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Ph. D. ThesisPh. D. Thesis 9. Results  All Data Sets9. Results All Data Sets 9.2. Methanol, Ethanol and 1-Propanol by SPR9.2. Methanol, Ethanol and 1-Propanol by SPR 9.2.5. PCA-NN9.2.5. PCA-NN
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Ph. D. Thesis
  Abstract
  Table of Contents
  1. Introduction
  2. Theory Fundamentals of the Multivariate Data Analysis
  3. Theory Quantification of the Refrigerants R22 and R134a: Part I
  4. Experiments, Setups and Data Sets
  5. Results Kinetic Measurements
  6. Results Multivariate Calibrations
  7. Results Genetic Algorithm Framework
  8. Results Growing Neural Network Framework
  9. Results All Data Sets
    9.1. Methanol and Ethanol by SPR
    9.2. Methanol, Ethanol and 1-Propanol by SPR
      9.2.1. Single Analytes
      9.2.2. Multivariate Calibrations of the Mixtures
      9.2.3. Genetic Algorithm Framework
      9.2.4. Parallel Growing Neural Network Framework
      9.2.5. PCA-NN
      9.2.6. Conclusions
    9.3. Methanol, Ethanol and 1-Propanol by the RIfS Array and the 4l Setup
    9.4. Quaternary Mixtures by the SPR Setup and the RIfS Array
    9.5. Quantification of the Refrigerants R22 and R134a in Mixtures: Part II
  10. Results Various Aspects of the Frameworks and Measurements
  11. Summary and Outlook
  12. References
  13. Acknowledgements
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9.2.5.   PCA-NN

Similar to section 6.9, a compression of the input space for the data analysis by neural networks was performed by a principal component analysis. The optimal number of 19 principal components was determined by the minimum crossvalidation error of the calibration data. The predictions of the calibration data are promising whereas the predictions of the validation data are significantly worse (see table 6). The true-predicted plots (figure 68) demonstrate that the predictions of the validation data are biased towards too high predictions.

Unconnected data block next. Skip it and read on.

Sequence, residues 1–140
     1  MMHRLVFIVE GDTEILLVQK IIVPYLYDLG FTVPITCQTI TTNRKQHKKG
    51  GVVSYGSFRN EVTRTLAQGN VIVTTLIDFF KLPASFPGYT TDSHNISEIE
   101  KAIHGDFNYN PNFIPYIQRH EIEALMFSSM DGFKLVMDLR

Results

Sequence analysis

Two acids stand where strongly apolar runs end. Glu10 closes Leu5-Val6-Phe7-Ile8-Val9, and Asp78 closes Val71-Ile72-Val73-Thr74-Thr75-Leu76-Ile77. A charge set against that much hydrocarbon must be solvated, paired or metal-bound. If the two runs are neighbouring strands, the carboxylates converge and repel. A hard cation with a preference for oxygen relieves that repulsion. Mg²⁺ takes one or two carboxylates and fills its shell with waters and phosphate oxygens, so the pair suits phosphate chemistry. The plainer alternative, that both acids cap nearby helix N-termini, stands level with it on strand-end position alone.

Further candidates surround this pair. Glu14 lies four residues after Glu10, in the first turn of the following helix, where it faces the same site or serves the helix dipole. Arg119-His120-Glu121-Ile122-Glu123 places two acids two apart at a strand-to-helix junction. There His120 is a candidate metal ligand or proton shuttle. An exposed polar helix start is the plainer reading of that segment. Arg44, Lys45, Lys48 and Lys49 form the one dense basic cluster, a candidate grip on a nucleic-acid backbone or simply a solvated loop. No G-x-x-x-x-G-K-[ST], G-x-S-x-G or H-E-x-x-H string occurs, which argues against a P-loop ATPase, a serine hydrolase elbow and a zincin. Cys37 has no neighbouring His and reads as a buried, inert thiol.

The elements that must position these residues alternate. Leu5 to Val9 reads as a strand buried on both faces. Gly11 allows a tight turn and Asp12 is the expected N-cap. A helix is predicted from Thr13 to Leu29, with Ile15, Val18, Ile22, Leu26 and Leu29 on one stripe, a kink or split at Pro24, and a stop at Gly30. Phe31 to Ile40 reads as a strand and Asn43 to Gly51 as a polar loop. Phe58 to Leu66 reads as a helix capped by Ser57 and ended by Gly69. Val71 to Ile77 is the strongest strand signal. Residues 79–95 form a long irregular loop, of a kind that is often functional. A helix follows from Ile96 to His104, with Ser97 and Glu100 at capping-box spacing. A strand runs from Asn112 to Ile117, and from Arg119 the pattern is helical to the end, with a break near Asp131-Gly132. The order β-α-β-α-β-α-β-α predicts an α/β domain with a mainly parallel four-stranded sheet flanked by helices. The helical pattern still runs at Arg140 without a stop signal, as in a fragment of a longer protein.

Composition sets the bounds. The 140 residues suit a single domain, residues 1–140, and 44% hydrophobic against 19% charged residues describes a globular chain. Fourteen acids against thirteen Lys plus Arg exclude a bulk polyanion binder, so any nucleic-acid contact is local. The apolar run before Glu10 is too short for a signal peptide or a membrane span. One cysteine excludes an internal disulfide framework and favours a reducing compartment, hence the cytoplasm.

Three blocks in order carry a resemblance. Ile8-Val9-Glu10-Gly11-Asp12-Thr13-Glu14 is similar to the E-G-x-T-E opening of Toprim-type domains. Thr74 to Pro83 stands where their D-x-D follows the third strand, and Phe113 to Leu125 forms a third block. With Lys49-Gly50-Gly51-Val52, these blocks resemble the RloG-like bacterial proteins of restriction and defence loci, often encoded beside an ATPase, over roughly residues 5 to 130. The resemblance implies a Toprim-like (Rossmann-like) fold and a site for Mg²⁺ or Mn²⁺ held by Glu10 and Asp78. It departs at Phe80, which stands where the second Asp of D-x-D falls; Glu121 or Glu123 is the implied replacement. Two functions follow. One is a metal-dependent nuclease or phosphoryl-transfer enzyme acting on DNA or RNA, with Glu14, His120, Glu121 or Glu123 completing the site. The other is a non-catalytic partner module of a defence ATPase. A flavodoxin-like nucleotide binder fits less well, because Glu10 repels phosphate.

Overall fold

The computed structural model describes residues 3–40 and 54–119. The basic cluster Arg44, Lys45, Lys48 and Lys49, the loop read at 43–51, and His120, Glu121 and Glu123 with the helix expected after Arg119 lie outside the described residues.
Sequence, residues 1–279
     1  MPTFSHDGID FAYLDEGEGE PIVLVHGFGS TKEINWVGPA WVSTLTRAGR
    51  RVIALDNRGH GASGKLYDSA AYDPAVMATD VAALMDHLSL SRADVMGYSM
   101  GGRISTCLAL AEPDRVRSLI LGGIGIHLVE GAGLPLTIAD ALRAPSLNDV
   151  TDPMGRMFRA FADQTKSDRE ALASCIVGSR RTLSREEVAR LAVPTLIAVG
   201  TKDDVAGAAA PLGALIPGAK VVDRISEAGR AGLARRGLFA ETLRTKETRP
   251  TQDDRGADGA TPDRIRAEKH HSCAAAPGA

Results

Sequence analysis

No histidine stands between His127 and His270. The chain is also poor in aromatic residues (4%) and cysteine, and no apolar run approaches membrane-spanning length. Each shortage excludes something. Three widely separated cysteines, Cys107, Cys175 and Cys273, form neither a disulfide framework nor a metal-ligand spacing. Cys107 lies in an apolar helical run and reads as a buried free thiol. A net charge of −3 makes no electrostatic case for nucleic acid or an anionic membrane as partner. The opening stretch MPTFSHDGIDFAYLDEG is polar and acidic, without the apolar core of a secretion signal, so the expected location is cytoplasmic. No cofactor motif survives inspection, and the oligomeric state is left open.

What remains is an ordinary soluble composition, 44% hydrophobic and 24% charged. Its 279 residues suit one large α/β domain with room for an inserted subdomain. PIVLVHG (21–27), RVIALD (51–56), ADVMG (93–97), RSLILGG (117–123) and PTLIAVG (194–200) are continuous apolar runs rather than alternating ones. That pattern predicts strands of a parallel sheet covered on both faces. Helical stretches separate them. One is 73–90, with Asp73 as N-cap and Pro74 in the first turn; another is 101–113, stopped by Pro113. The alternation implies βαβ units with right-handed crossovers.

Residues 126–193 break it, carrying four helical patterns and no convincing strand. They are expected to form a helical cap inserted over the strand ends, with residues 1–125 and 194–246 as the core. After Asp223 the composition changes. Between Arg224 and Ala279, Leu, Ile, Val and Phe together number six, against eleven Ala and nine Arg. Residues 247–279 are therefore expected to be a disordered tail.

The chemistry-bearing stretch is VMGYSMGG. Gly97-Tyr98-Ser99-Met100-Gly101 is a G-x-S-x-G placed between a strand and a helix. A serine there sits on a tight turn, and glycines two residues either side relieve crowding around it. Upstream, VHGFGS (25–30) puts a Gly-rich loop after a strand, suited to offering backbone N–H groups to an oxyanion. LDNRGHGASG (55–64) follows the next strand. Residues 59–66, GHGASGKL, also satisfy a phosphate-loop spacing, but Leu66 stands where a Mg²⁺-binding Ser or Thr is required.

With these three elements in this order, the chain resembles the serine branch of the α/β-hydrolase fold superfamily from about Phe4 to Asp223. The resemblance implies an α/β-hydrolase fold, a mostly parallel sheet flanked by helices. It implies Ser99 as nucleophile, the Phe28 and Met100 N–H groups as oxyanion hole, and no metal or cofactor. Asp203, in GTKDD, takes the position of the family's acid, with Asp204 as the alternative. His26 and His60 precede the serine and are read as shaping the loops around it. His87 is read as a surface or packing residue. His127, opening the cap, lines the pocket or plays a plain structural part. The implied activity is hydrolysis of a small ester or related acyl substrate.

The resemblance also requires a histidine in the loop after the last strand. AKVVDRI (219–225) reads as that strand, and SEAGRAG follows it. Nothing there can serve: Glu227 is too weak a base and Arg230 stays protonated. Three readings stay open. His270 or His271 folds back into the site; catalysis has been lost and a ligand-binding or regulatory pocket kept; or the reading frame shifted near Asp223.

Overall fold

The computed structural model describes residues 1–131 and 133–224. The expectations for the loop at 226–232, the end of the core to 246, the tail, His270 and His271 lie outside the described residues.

The bias can be explained by the different amount of noise of the validation and calibration data sets in combination with the nonlinearities in the data sets (see discussion in section 6.9): The linear PCA projection spreads the nonlinearities over many principal components resulting in the selection of the high number of 19 components by the minimum crossvalidation error criterion. On the other hand, the typical noise of the calibration data set is included in theses components. Thus, most of these components contain a combination of important information about the model and information about noise. As the validation data set was recorded by averaging two measurements, the noise is significantly reduced resulting in a changed data structure and thus a changed projection by the PCA causing the significant bias of prediction.

 

 

figure 68: Predictions of the calibration and validation data by PCA-NN.

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